First Peoples in a New World: Colonizing Ice Age America
By David J. Meltzer--University of California Press, $29.95
Did the first Americans migrate from Europe--"Iberia, not Siberia"--as proponents of the idea like to claim? Did a rain of comets obliterate the woolly mammoth and the Clovis people? Meltzer calls these ideas "a hollow assertion" and "pseudoscientific." He focuses his attention on recent work by archaeologists, geologists, geneticists, skeletal biologists, and others in a comprehensive account of the debates surrounding who really colonized the New World and when.
Decoding the Heavens: A 2,000-Year-Old Computer--and the Century-Long Search to Discover Its Secrets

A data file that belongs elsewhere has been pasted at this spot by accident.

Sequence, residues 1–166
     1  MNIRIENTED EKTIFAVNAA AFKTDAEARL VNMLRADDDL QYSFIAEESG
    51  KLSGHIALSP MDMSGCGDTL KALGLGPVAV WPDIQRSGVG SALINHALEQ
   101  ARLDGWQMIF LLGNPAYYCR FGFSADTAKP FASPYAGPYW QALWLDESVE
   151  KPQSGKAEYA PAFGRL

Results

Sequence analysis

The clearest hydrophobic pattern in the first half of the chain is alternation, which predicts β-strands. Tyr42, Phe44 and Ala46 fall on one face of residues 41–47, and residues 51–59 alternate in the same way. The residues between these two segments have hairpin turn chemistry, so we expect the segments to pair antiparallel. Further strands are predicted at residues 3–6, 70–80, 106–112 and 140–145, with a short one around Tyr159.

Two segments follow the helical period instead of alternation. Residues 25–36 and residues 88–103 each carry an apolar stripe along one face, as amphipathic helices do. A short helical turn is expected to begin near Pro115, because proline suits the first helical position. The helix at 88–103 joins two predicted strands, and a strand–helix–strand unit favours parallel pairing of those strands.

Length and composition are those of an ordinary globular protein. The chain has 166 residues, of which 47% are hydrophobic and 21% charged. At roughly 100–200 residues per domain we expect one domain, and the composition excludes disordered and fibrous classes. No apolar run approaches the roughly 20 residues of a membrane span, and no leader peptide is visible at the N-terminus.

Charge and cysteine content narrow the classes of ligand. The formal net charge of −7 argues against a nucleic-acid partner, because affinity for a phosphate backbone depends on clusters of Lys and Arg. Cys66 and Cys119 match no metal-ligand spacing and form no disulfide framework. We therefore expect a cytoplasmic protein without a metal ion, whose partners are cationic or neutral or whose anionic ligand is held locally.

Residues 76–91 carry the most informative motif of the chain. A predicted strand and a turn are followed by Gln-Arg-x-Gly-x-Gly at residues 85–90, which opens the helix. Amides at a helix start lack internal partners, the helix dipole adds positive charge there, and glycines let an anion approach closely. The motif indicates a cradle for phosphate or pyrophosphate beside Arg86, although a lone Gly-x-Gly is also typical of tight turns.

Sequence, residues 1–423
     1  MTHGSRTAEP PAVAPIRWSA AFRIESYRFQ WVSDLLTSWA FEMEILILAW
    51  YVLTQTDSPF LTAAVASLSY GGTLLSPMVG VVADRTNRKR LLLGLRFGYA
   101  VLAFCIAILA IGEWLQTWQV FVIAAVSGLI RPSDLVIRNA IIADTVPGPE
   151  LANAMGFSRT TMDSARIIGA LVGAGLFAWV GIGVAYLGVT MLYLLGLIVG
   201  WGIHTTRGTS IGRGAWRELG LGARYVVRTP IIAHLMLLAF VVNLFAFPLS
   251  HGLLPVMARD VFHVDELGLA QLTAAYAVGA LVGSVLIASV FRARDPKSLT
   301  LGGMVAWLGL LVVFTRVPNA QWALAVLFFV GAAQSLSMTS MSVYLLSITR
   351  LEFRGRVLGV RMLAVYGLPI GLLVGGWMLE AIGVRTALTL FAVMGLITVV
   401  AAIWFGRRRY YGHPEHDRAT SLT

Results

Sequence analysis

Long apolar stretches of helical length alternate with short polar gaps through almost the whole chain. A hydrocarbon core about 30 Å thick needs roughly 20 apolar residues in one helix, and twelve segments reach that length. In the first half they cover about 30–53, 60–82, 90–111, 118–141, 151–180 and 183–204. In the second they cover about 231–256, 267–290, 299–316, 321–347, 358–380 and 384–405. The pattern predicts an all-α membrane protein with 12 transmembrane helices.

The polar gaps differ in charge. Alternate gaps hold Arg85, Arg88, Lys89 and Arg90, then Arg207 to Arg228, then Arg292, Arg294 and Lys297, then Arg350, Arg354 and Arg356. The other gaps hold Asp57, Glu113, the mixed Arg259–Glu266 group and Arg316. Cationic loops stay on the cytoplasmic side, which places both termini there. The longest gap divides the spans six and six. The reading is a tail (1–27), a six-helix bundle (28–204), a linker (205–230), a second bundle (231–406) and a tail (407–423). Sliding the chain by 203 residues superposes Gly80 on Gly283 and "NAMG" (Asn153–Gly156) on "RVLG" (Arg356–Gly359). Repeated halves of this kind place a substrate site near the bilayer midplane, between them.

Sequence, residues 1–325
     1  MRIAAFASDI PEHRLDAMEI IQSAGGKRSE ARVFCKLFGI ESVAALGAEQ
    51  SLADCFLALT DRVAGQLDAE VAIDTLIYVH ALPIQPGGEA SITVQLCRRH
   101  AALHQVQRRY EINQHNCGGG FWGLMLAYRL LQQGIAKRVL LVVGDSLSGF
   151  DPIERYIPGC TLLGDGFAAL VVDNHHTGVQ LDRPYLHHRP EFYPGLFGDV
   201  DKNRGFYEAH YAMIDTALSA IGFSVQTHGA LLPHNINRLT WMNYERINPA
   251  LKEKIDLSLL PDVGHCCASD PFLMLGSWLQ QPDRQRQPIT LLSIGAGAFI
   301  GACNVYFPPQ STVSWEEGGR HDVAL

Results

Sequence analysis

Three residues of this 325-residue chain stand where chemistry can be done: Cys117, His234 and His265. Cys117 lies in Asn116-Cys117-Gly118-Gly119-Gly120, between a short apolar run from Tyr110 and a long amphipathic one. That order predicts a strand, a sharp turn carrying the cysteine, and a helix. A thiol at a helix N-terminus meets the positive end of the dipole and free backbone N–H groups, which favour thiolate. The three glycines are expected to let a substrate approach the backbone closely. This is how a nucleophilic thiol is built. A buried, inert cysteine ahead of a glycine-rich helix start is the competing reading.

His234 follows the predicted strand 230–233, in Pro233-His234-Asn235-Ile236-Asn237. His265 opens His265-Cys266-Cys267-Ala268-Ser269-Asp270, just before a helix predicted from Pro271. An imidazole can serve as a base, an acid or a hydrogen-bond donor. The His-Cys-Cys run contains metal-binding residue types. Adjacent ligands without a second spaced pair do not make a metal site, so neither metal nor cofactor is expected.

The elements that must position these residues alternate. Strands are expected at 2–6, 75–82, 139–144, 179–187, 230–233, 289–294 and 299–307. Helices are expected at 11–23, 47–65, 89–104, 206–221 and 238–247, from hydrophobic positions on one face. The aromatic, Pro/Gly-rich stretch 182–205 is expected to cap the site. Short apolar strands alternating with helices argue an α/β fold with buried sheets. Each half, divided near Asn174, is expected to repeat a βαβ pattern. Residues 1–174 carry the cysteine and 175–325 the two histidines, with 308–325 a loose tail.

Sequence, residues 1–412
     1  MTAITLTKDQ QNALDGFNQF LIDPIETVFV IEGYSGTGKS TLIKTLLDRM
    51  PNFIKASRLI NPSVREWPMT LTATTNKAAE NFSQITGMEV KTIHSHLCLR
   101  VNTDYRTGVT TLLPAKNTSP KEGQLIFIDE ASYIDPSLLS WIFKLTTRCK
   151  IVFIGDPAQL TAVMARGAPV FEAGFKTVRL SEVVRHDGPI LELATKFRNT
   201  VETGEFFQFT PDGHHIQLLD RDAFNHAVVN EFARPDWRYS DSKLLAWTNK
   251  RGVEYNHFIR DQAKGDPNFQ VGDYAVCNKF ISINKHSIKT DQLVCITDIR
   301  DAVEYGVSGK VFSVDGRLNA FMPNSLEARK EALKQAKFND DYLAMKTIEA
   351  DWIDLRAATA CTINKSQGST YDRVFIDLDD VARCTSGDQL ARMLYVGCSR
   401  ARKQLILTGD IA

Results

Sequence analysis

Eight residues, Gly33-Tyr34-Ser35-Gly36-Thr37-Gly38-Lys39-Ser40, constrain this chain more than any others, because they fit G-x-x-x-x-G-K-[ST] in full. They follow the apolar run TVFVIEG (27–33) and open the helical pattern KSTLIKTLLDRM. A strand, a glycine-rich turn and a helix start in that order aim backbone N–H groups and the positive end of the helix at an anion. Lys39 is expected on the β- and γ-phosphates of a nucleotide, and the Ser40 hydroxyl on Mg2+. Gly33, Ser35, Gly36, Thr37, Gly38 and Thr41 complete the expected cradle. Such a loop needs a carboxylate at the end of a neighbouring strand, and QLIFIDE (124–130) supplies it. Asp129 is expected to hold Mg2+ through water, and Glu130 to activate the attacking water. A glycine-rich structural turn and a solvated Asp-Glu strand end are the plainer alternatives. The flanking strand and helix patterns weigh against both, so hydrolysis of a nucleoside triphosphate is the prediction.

By Jo Marchant--Da Capo Press, $25.00
The purpose of the so-called Antikythera Mechanism baffled archaeologists for almost a century--was it a clock, a computer, an astrological tool? Discovered by sponge divers off the Greek Island of Antikythera in 1901, what seemed to be a formless lump of corroded rock turned out to be a stunningly complex machine with at least 30 interlocking gears. The author follows the efforts of specialists to unravel the inner workings of the famous device.
Gold Rush Port: The Maritime Archaeology of San Francisco's Waterfront
By James P. Delgado--University of California Press,$45.00
"The tide still rises and falls on the beaches of 1849, albeit percolated through a thick matrix of mud, sand, and rubble," writes maritime archaeologist James Delgado in this account of excavating the ships beneath modern-day San Francisco. Converted to mud-moored warehouses, these storeships did booming business along the city's waterfront before succumbing to fires, landfilling, and urban development. For Delgado, they are "the quintessential San Francisco Gold Rush artifacts."